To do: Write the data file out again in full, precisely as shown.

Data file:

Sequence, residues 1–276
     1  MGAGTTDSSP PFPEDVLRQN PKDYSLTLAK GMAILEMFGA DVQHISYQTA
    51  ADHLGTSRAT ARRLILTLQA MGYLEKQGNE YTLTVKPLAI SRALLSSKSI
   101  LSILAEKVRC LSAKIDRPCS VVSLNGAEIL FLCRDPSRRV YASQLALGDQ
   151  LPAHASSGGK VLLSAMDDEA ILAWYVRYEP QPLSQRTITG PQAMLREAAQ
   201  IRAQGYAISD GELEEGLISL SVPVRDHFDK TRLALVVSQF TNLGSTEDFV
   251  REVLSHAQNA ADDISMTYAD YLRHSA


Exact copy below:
Sequence, residues 1–276
     1  MGAGTTDSSP PFPEDVLRQN PKDYSLTLAK GMAILEMFGA DVQHISYQTA
    51  ADHLGTSRAT ARRLILTLQA MGYLEKQGNE YTLTVKPLAI SRALLSSKSI
   101  LSILAEKVRC LSAKIDRPCS VVSLNGAEIL FLCRDPSRRV YASQLALGDQ
   151  LPAHASSGGK VLLSAMDDEA ILAWYVRYEP QPLSQRTITG PQAMLREAAQ
   201  IRAQGYAISD GELEEGLISL SVPVRDHFDK TRLALVVSQF TNLGSTEDFV
   251  REVLSHAQNA ADDISMTYAD YLRHSA